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Save up to $500 on a new Hyundai i30
Daniel DeGasperi | Jul 7, 2016 | 1 Comment


The small hatchback has become Australia’s favourite car for the first half of 2016.

The secret has been aggressive $19,990 driveaway pricing for the automatic version; one that normally retails at $23,290 plus on-road costs.

But that $19,990 deal has now finished; when the clock ticked past midnight on June 30, the price went up $3000. Now it’s $22,990 driveaway for the i30 Active automatic. So is it still worth a look?

Vehicle Style: Small car
Price: $23,290 (plus on-roads)
Engine/trans: 107kW/175Nm 1.8-litre 4cyl petrol | six-speed automatic
Fuel Economy Claimed: 7.3 l/100km | Tested: 7.7 l/100km



The current Hyundai i30 arrived on our shores in 2012, so it’s getting on a bit now.

However, Euro-influenced styling along with a sizeable and nicely finished interior keeps it within a shot-put’s throw of the best in the class.

The i30 Active we’re testing here offers nothing special in terms of standard equipment, but it includes affordable capped-price servicing along with a five-year unlimited kilometre warranty, bested only by Citroen and Kia with their six and seven-year coverage respectively.

Inexpensive, certainly, but for its recommended retail price we think alloy wheels should be included – as are standard on a Mazda3 Neo – rather than dowdy hubcaps.

Private buyers however can opt for the $1100-pricier i30 ActiveX model that adds alloys, plus electrically folding door mirrors, leather-trimmed seats and steering wheel.



  • Standard equipment: Power windows and mirrors, multi-function trip computer, air-conditioning, cloth seats, cruise control, auto-off headlights, remote keyless entry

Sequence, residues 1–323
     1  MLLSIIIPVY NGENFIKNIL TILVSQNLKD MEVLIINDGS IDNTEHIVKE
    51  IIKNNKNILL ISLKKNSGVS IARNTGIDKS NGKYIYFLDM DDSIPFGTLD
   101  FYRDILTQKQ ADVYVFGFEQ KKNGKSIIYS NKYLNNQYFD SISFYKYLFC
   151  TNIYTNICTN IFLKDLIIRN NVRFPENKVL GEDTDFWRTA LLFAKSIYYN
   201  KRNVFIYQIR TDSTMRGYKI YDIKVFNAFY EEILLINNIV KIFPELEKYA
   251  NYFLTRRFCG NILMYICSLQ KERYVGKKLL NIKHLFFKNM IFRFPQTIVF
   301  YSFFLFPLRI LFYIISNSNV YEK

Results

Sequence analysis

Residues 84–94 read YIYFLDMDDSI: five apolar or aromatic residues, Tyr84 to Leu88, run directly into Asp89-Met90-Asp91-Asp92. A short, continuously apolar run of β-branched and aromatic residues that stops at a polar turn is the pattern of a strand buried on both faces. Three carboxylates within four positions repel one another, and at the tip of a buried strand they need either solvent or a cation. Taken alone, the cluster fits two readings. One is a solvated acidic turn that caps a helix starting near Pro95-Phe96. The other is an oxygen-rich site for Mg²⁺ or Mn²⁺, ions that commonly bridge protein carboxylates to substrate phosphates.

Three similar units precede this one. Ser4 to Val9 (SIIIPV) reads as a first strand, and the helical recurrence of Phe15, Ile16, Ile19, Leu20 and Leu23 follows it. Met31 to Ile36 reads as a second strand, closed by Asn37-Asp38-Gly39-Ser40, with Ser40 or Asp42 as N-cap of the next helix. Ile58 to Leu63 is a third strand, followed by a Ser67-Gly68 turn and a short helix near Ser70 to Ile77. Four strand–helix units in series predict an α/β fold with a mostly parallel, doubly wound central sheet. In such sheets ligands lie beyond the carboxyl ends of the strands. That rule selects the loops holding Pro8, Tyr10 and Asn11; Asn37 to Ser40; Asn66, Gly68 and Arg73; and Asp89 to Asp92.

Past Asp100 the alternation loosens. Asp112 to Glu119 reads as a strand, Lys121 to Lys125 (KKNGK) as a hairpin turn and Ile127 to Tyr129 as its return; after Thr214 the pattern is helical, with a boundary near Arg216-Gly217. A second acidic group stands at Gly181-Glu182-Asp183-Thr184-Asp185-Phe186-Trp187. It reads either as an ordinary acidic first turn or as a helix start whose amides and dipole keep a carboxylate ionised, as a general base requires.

• Infotainment: 7.0-inch colour touchscreen with Bluetooth phone and audio streaming, USB input, AM/FM radio, CD player, Apple CarPlay connectivity and six speakers
  • Cargo volume: 378 litres seat up, 1316 litres seats folded

Hyundai got the cabin basics right four years ago with the i30. It highlights why it’s wise to put design effort in the first time around, because this South Korean hatchback still feels like a high-quality offering today.

Extremely comfortable front and rear seats are trimmed in nicely stitched cloth trim, for example. Indeed the standard cloth is actually preferable to the vinyl-like leather in the pricier ActiveX.

Door trims include cloth inserts both front and rear, and the soft-touch plastics meld seamlessly into the dashboard. Most small cars – including Mazda3 and Toyota Corolla – have a real mish-mash of plastics that can make them feel downmarket.

But the i30, even in this entry model, feels decently premium inside.

Fit and finish is superb, and storage space includes bottle holders and pockets in both front and rear doors, along with a voluminous glovebox and centre console bin.

The recent addition of Apple CarPlay connectivity, allowing an iPhone to be connected via USB with its apps mirrored on the 7.0-inch display, is a boon particularly in the i30 Active that lacks integrated satellite navigation.

It means drivers can display Apple Maps on-screen, although it does require a mobile internet connection to be used and you will need to keep an eye out for the data deal you have with your service provider.

Behind the front seats, rear passengers are given only average legroom and headroom for the class but – as we mentioned – seat comfort is well above the norm.

It’s a shame, however, that Hyundai reserves rear air-vents for its flagship i30 model grades in a warm climate such as Australia’s.

With a 378-litre boot volume, the Hyundai i30 also boasts among the largest cargo carrying capacities in its class, exceeding the Mazda3 and Corolla hatchbacks but missing the Volkswagen Golf by a scant three litres.



  • Engine: 107kW/175Nm 1.8 litre four-cylinder petrol
  • Transmission: Six-speed automatic, front wheel drive
  • Suspension: MacPherson strut front, torsion beam rear
  • Brakes: Ventilated front and solid rear disc brakes